« AnteriorContinuar »
to a royal sepulchre. A few days more, and his head is fixed to rot on the pinnacles of that very hall where he sat on a throne in his life, and lay in state after his death. When I think on all these things, to look round me makes me sad at heart. True it is that God hath restored to us our old laws, and the rightful line of our kings. Yet, how I know not, but it seems to me that something is wanting,-that our court hath not the old gravity, nor our people the old loyalty. These evil times, like the great deluge, have overwhelmed and confused all earthly things. And, even as those waters, though at last they abated, yet, as the learned write, destroyed all trace of the Garden of Eden, so that its place hath never yet been found, so hath this opening of all the floodgates of political evil effaced all marks of the ancient political paradise."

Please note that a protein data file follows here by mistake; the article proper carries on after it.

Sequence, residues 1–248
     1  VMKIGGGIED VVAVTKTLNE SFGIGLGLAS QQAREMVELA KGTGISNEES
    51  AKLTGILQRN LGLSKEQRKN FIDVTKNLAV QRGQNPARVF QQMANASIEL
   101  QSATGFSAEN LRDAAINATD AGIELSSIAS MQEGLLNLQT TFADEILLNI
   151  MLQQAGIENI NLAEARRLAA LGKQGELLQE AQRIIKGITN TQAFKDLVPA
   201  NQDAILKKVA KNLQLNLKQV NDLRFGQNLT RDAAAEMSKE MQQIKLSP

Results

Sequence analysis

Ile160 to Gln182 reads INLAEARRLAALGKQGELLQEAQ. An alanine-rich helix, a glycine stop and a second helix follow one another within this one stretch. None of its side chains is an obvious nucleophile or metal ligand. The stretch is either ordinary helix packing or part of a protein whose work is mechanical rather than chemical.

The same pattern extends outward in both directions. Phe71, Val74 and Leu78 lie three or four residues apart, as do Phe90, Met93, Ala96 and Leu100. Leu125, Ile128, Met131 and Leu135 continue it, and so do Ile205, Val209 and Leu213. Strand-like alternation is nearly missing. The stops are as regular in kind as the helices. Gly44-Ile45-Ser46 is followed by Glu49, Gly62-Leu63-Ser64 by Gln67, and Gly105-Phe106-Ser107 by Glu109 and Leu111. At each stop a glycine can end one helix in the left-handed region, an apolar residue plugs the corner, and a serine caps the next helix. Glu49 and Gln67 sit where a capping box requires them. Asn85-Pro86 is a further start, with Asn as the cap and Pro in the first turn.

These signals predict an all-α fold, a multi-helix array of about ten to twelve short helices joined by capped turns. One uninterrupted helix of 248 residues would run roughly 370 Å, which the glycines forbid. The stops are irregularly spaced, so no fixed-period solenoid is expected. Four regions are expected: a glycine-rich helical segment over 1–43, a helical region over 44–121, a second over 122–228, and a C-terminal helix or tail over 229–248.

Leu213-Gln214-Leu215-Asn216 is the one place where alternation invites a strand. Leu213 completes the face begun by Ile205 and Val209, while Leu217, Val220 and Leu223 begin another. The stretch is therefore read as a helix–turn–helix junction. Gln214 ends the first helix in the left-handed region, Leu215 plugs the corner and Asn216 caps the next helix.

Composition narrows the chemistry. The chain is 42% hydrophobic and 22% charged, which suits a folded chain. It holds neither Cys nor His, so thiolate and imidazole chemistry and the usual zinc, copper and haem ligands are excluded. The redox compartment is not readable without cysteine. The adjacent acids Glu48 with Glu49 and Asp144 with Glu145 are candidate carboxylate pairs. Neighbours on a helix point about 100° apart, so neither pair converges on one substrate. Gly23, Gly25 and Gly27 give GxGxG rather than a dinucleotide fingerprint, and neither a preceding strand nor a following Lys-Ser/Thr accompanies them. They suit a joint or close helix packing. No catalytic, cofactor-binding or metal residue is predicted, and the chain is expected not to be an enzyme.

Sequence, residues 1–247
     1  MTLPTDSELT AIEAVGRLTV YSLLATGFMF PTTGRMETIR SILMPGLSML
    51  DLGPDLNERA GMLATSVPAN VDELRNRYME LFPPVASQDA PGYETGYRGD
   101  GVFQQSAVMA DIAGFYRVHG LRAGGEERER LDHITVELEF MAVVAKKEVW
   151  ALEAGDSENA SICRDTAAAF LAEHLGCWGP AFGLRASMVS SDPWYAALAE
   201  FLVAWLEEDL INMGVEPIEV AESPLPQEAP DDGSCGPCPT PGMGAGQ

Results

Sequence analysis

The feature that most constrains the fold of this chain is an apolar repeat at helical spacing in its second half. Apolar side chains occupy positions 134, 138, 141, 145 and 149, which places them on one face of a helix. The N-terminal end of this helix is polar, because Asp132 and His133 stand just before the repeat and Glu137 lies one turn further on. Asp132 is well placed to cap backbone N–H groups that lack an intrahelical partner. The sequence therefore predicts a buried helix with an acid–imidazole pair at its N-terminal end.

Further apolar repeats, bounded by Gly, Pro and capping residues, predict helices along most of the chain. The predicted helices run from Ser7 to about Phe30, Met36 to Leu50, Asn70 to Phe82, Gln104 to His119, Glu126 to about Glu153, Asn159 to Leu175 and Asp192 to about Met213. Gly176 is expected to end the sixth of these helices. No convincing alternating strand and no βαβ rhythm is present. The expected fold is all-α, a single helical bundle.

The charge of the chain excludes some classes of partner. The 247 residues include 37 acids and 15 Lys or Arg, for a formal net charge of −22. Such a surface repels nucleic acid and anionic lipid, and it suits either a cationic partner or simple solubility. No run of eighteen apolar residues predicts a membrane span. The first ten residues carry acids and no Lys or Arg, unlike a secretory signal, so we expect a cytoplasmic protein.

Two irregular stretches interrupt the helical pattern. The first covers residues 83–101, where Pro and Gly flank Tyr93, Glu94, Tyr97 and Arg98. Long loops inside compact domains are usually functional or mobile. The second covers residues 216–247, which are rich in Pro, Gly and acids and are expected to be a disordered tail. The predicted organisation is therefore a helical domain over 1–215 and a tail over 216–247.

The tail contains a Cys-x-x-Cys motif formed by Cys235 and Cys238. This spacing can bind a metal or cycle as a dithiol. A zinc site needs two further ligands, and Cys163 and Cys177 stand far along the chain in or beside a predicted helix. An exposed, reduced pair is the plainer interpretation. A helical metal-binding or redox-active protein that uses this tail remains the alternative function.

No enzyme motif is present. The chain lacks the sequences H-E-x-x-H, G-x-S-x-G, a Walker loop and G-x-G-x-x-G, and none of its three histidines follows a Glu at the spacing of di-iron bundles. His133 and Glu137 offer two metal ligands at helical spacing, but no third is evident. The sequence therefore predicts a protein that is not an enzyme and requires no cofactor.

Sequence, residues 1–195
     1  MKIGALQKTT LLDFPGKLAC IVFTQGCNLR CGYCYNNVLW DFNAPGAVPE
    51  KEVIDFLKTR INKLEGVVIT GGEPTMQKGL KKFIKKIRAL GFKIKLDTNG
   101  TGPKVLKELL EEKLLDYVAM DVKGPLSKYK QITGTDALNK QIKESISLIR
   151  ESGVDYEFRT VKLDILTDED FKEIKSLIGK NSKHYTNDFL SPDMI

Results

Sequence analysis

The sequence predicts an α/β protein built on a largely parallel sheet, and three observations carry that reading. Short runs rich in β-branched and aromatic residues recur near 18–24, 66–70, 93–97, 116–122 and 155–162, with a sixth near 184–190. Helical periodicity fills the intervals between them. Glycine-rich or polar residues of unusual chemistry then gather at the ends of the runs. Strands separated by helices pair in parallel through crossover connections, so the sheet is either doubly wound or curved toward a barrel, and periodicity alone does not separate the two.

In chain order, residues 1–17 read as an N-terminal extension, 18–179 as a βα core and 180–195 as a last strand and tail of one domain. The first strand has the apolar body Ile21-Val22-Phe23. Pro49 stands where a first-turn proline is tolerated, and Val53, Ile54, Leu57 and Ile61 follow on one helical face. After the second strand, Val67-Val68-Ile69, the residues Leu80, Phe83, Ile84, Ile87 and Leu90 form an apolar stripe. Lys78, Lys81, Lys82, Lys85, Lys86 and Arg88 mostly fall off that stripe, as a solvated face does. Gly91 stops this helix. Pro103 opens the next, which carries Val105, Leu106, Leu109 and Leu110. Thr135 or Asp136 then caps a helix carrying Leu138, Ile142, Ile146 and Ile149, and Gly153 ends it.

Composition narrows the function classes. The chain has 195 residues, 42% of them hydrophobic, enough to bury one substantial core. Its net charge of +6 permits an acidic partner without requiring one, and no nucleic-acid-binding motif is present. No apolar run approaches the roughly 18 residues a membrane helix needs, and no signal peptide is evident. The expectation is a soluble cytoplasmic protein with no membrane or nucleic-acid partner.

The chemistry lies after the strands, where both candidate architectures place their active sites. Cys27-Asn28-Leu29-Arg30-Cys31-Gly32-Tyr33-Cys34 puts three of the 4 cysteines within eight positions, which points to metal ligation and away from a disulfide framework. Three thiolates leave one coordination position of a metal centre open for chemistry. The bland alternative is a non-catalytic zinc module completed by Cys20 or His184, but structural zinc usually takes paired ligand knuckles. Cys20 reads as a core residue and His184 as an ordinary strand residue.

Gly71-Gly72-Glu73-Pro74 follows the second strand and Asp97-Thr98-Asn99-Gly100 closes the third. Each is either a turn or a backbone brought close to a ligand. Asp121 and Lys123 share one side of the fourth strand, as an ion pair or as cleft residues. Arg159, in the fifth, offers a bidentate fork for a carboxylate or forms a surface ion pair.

money? Had they not taken from the king his ancient and most lawful power touching the order of knighthood? Had they not provided that, after their dissolution, triennial parlia ments should be holden, and that their own power should continue till of their great condescension they should be pleased to resign it themselves? What more could they ask? Was it not enough that they had taken from their king all his oppressive powers, and many that were most salutary? Was it not enough that they had filled his council-board with his enemies, and his prisons with his adherents! Was it not enough that they had raised a furious multitude to shout and swagger daily under the very windows of his royal palace? Was it not enough that they had taken from him the most blessed prerogative of princely mercy; that, complaining of intolerance themselves, they had denied all toleration to others; that they had urged against forms scruples childish as those of any formalist; that they had persecuted the least remnant of the Popish rites with the fiercest bitterness of the Popish spirit? Must they besides all this have full power to command his armies and to massacre his friends?